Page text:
Isotopic evidence for the infiltration of mantle and metamorphic CO2-H2O fluids from below in faulted rocks from the San Andreas Fault System

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To characterize the origin of the fluids involved in the San Andreas Fault (SAF) system, we carried out an isotope study of exhumed faulted rocks from deformation zones, vein fillings and their hosts and the fluid inclusions associated with these materials. Samples were collected from segments along the SAF system selected to provide a depth profile from upper to lower crust. In all, 75 samples from various structures and lithologies from 13 localities were analyzed for noble gas, carbon, and oxygen isotope compositions. Fluid inclusions exhibit helium isotope ratios ({sup 3}He/{sup 4}He) of 0.1-2.5 times the ratio in air, indicating ... continued below

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Pili, E.; Kennedy, B.M.; Conrad, M.E. & Gratier, J.-P. December 15, 2010.

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To characterize the origin of the fluids involved in the San Andreas Fault (SAF) system, we carried out an isotope study of exhumed faulted rocks from deformation zones, vein fillings and their hosts and the fluid inclusions associated with these materials. Samples were collected from segments along the SAF system selected to provide a depth profile from upper to lower crust. In all, 75 samples from various structures and lithologies from 13 localities were analyzed for noble gas, carbon, and oxygen isotope compositions. Fluid inclusions exhibit helium isotope ratios ({sup 3}He/{sup 4}He) of 0.1-2.5 times the ratio in air, indicating that past fluids percolating through the SAF system contained mantle helium contributions of at least 35%, similar to what has been measured in present-day ground waters associated with the fault (Kennedy et al., 1997). Calcite is the predominant vein mineral and is a common accessory mineral in deformation zones. A systematic variation of C- and O-isotope compositions of carbonates from veins, deformation zones and their hosts suggests percolation by external fluids of similar compositions and origin with the amount of fluid infiltration increasing from host rocks to vein to deformation zones. The isotopic trend observed for carbonates in veins and deformation zones follows that shown by carbonates in host limestones, marbles, and other host rocks, increasing with increasing contribution of deep metamorphic crustal volatiles. At each crustal level, the composition of the infiltrating fluids is thus buffered by deeper metamorphic sources. A negative correlation between calcite {delta}{sup 13}C and fluid inclusion {sup 3}He/{sup 4}He is consistent with a mantle origin for a fraction of the infiltrating CO{sub 2}. Noble gas and stable isotope systematics show consistent evidence for the involvement of mantle-derived fluids combined with infiltration of deep metamorphic H{sub 2}O and CO{sub 2} in faulting, supporting the involvement of deep fluids percolating through and perhaps weakening the fault zone. There is no clear evidence for a significant contribution from meteoric water, except for overprinting related to late weathering.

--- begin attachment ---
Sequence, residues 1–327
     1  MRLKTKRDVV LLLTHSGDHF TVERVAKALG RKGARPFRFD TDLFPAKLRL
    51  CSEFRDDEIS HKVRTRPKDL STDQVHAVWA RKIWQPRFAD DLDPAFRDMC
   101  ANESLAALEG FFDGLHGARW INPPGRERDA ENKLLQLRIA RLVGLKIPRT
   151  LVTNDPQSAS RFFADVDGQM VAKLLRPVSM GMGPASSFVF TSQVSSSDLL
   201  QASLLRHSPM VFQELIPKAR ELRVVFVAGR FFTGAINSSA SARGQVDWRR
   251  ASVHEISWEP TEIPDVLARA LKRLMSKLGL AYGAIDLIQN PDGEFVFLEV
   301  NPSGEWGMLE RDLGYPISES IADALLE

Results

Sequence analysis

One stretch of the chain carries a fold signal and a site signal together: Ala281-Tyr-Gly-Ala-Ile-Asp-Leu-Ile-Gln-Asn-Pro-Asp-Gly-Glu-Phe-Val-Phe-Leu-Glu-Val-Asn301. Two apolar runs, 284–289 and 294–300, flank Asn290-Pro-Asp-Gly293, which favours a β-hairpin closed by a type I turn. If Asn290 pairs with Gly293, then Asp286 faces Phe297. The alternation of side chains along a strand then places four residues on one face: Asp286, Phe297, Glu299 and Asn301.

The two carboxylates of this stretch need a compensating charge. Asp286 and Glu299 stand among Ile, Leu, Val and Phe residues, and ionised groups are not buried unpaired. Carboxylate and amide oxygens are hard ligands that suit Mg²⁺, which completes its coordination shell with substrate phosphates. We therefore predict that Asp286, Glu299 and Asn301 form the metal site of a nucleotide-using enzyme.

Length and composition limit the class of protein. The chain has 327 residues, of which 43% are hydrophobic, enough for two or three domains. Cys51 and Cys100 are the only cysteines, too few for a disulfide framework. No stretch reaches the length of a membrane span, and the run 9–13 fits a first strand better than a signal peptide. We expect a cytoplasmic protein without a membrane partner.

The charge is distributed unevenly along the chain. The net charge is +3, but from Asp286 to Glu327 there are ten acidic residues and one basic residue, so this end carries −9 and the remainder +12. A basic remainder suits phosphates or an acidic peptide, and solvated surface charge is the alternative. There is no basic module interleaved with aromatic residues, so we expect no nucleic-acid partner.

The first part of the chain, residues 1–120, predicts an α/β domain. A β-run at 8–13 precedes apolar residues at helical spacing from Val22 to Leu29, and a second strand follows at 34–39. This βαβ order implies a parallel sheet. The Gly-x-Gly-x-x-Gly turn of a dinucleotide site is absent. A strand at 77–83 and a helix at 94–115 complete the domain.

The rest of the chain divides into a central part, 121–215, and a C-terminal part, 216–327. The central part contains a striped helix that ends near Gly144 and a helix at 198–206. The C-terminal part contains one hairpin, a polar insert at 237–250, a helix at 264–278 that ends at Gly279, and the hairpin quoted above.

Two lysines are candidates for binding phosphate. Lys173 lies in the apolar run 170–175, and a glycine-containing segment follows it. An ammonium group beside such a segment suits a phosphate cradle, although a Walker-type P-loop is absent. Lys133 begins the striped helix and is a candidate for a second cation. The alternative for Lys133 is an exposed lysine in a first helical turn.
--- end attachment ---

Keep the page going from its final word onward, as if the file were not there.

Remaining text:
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  • Journal Name: Chemical Geology; Related Information: Journal Publication Date: 2011

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  • Report No.: LBNL-4273E
  • Grant Number: DE-AC02-05CH11231
  • Office of Scientific & Technical Information Report Number: 1007195
  • Archival Resource Key: ark:/67531/metadc843683

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  • December 15, 2010

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  • May 19, 2016, 3:16 p.m.

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  • Sept. 29, 2017, 5:38 p.m.

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Pili, E.; Kennedy, B.M.; Conrad, M.E. & Gratier, J.-P. Isotopic evidence for the infiltration of mantle and metamorphic CO2-H2O fluids from below in faulted rocks from the San Andreas Fault System, article, December 15, 2010; Berkeley, California. (digital.library.unt.edu/ark:/67531/metadc843683/: accessed December 18, 2017), University of North Texas Libraries, Digital Library, digital.library.unt.edu; crediting UNT Libraries Government Documents Department.